Measurements and Monitors

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Transcript Measurements and Monitors

RF Safety Measurements
IOSH meeting Emley 4th July 2013
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What’s New?
Measurement & Monitoring Equipment

Survey Equipment
– For making quantitative measurements
‘Broadband’ instruments
Frequency selective instruments

Personal Monitors
– For monitoring worker exposure levels

Area Monitors
– Continuous monitoring
Survey Equipment
Provides a relatively accurate
assessment of field strength and can
be used to determine the level of
compliance to a particular standard.
Requires a reasonable level of
training before it can be used with
confidence.
Does not provide continuous
monitoring against sudden
equipment failure.
Types of Field Sensing Probe
 Probes
measure either the Electric
and/or Magnetic field components.
 Usually broadband without frequency
selection capability.
 Usually isotropic although anisotropic
probes used for leakage measurement.
 May provide “flat” or “shaped” response.
Types of Field Sensing Probe
E Field Strength (V/m)
10000
 ‘Flat’ Response
1000
100
10
1
1
10
100
1000
10000
100000 1000000 1E+07
1E+08
1E+09
1E+10
1E+11
1E+12
Frequency (Hz)
ICNIRP 1998
E Field Strength (V/m)
10000
 Shaped Response
1000
100
10
1
1
10
100
1000
10000
100000 1000000 1E+07
Frequency (Hz)
1E+08
1E+09
1E+10
1E+11
1E+12
Shaped Probes
Shaped probes have a frequency response
weighted in accordance with a given safety
guideline or standard. Shaped probes read
out in “% of Std.” e.g. ICNIRP rather than in
normal field units.
 Shaped probes are useful for multiple
emitter environments (multiple frequencies
with different permissible exposure levels).
 Shaped probes are also useful when
surveying unknown or classified
frequencies.

Determining Compliance in a
Multi-Emitter Environment
50
Freq.
PWR
STD.
(MHz)
W/m2
W/m2
148
2.5
10
900
5.0
22.5
2100
20
50
Total = 27.5 W/m2
Power Density (W/m²)
40
30
%STD
25
22
40
87%
20
10
30
100
MHz
300
1
3
GHz
10
Determining Compliance in a
Multi-Emitter Environment
50
Freq.
PWR
STD.
(MHz)
W/m2
W/m2
148
10
10
900
5.0
22.5
2100
12.5
50
Total = 27.5 W/m2
Power Density (W/m²)
40
30
%STD
100
22
25
147%
20
10
30
100
MHz
300
1
3
GHz
10
Magnetic field measurements
Magnetic Fields are measured with loops
Flux Lines
Ammeter
Flux lines passing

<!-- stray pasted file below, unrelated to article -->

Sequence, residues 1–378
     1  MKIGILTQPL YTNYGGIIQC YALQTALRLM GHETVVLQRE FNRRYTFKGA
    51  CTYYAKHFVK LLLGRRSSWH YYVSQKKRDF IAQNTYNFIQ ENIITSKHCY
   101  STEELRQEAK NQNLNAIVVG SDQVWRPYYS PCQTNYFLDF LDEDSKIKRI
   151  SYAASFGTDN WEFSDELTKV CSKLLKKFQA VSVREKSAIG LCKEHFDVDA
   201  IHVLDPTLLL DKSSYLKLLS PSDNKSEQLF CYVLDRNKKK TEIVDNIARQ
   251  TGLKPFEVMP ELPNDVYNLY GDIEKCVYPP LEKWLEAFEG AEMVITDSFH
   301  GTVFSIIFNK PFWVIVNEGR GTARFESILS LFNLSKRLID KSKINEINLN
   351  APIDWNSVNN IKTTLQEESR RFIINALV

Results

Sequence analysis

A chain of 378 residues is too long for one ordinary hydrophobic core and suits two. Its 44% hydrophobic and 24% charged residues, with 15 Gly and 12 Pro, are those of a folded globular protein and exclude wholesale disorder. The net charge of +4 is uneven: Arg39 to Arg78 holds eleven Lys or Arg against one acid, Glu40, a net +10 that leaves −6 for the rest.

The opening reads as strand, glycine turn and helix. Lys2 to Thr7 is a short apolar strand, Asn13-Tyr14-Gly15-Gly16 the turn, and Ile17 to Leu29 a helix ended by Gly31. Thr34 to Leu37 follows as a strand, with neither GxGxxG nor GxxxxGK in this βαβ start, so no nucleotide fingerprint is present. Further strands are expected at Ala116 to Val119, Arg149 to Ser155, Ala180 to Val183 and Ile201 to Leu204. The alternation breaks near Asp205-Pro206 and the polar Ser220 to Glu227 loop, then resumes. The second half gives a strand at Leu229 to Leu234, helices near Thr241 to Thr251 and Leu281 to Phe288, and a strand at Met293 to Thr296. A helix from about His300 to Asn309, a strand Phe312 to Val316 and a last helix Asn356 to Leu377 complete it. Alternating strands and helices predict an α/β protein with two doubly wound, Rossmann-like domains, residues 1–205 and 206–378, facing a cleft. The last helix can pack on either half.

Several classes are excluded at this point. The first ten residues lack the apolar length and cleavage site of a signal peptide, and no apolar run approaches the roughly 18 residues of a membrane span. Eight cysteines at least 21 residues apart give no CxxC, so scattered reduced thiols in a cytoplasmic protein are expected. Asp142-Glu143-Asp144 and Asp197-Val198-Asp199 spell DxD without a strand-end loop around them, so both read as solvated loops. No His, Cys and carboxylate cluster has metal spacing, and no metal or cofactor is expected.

through loop generate
current. Maximum
indication if flux lines are
perpendicular to loop.
Mutually orthogonal
loops are used in
most survey probes.
 Narrowband operation compared to E-field probes.
 May generate large out-of-band responses.
ELF Measurements
Low frequency Electric fields are measured with plates.
Field lines strike perpendicular to
plates and the resultant dieletric
current is measured.
Measurement of RF Electric Fields
Electric fields are measured
with a mutually orthogonal
array of diode dipoles or
thermocouples.
Thermocouples exhibit extremely good adherence to the
square of the field strength, and their output is relatively
independent of ambient temperature. Typically have wide
frequency operation (0.3 to 100GHz). Limited sensitivity,
minimum measurement around 6 V/m (10W/cm²).
Relatively low overload level. Relatively expensive.
Measurement of RF Electric Fields
 Diode
Based Detection
– Better “zero stability” and overload handling
but higher temperature sensitivity.
– Good at low field levels, when diode is in it’s
“square-law” region. A diode is a non-linear
device, which when operated at higher
levels will detect peak rather than average
levels. Not recommended for multiple signal
or pulsed signal environments.
Power In
Types of Detectors - Diode
“Square Law”
Response
(A + B + C)2
(A2 + B2 + C2)
Voltage Out
Measurement Uncertainty
Three basic approaches to measurement uncertainty:
 Direct comparison (or shared) risk approach Measurement is taken as read. Uncertainty just quoted.
May lead to poor quality measurements.
 Additive approach - Maximum permissible exposure
level is inset from the given safety guideline level by
the amount of uncertainty. Can be overly restrictive.
 Hybrid Approach - If uncertainty is kept inside a given
limit e.g. 4dB, the measurement can be taken as read.
If uncertainty exceeds the stated limit then the
additional uncertainty is applied to the recorded value.